A Biological Clock and Breast Cancer
A new internal body clock based on DNA that measures the biological age of our tissues and organs has recently been unveiled. Steve Horvath, a biostatistician and professor of human genetics at the UCLA school of medicine, has just published a potentially ground breaking paper in Genome Biology, in which he used methylation — a natural process by which DNA are altered over time — to construct an “epigenetic clock” that measures the effects of ageing on tissue. Using publicly accessible databases, and analyzing more than 8,000 samples, he identified 353 DNA markers from 51 cell types (including the heart, lungs, breast, brain and cartilage) that change throughout our life cycles.
From these data, Horvath identified a pattern that he used to create a statistical model resulting in the first-ever age predictor that appears to work across all tissues and cell types. His method of calculation, together with a software program, are freely available on his website. The model, though, is one of statistical correlation rather than describing a cause-and-effect mechanism.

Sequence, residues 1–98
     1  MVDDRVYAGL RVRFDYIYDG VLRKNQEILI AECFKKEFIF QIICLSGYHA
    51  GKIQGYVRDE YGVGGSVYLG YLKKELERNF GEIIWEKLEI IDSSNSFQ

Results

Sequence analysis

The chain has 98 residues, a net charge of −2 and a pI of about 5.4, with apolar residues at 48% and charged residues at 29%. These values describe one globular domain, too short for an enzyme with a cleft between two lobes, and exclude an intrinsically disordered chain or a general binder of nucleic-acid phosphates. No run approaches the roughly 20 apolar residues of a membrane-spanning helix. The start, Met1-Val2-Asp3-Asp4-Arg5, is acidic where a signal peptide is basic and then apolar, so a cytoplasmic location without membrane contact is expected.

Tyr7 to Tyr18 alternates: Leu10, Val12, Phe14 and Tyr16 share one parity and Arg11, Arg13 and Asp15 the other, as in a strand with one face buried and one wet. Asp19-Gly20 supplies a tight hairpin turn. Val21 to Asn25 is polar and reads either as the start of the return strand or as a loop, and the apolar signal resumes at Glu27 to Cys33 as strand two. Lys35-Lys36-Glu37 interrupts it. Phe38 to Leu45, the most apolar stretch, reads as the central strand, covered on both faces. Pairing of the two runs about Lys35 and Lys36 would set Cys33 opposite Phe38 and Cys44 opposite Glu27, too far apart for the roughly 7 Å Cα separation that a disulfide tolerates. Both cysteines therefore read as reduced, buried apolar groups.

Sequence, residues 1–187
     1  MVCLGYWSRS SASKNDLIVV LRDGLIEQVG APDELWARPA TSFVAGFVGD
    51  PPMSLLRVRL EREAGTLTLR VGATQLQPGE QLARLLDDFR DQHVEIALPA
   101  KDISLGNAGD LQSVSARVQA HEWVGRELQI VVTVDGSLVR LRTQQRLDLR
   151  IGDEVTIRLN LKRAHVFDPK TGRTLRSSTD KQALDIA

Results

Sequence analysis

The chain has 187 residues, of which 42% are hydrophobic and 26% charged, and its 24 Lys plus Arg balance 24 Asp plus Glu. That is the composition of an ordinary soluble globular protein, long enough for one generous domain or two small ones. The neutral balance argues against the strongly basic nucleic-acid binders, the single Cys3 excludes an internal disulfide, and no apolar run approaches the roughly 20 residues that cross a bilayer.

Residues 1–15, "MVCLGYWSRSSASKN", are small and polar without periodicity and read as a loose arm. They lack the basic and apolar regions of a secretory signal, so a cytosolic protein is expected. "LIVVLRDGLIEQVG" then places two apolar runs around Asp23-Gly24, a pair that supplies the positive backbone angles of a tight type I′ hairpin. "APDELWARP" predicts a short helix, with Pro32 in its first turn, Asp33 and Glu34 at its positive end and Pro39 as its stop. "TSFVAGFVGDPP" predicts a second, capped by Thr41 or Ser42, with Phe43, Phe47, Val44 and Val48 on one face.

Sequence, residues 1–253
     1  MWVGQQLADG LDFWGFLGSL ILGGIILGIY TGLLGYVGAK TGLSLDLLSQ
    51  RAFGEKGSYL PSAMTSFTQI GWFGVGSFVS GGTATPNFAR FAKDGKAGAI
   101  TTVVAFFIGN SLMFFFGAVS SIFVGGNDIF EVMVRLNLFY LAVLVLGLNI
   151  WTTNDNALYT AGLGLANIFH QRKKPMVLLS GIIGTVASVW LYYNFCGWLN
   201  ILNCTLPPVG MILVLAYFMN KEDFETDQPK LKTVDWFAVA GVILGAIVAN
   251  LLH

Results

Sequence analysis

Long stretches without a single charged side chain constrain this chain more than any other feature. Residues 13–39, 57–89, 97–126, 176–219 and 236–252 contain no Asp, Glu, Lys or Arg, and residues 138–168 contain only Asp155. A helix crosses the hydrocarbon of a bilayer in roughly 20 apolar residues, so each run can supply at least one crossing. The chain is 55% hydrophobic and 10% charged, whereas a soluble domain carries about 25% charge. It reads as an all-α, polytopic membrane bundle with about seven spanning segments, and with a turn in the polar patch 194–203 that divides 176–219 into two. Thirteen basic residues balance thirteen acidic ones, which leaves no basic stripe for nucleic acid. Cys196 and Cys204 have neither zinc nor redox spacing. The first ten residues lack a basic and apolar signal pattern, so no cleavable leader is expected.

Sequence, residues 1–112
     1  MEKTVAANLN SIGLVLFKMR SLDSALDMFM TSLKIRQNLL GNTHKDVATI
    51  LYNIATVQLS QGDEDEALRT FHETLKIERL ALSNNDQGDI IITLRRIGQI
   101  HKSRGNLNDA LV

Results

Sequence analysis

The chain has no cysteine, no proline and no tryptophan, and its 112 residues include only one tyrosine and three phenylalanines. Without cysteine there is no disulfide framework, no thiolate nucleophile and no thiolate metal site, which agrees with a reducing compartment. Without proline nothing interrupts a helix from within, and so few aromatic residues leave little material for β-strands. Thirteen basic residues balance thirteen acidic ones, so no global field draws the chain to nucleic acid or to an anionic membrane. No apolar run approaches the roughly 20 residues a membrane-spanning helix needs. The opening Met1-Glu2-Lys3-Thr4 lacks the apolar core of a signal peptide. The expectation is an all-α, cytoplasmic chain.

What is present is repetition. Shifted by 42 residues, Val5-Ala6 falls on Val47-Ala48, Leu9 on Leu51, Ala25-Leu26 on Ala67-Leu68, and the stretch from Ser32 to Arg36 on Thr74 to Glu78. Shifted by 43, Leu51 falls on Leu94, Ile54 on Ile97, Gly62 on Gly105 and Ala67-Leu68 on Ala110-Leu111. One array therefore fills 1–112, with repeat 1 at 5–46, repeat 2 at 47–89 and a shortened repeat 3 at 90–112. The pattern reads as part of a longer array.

Darryl Shibata of the University of Southern California is cautiously optimistic there could be a wide range of applications, commenting: “Right now, as a human, all you have is your birth certificate to tell you how old you are.” Of course chronological age doesn’t necessarily correlate with biological age, with Shibata adding, “You can go to a high school class reunion and see that in action!” If Horvath’s biological clock model is proven to be robust, it opens up some intriguing questions, such as: Could it be used as an anti-ageing tool?
An important finding was that breast tissue is, on average, two years older than other tissues in a woman’s body, while healthy tissues surrounding a breast tumour were 12 years older. In fact, cancer tissues speeded up the clock by an average of 36 years. These results could help to explain why breast cancer is the most common cancer found in women. Significantly, Horvath’s results have the potential to make an impact on both diagnosis and treatment.
“We need to determine whether age acceleration in easily accessible human tissues — for example blood, saliva and skin — can be used to diagnose or prognosticate age related diseases,” commented Horvath (photo on the right). Describing the clock as the new elephant in the room of ageing research, he predicted a lively scientific debate and the need for carefully designed follow up studies.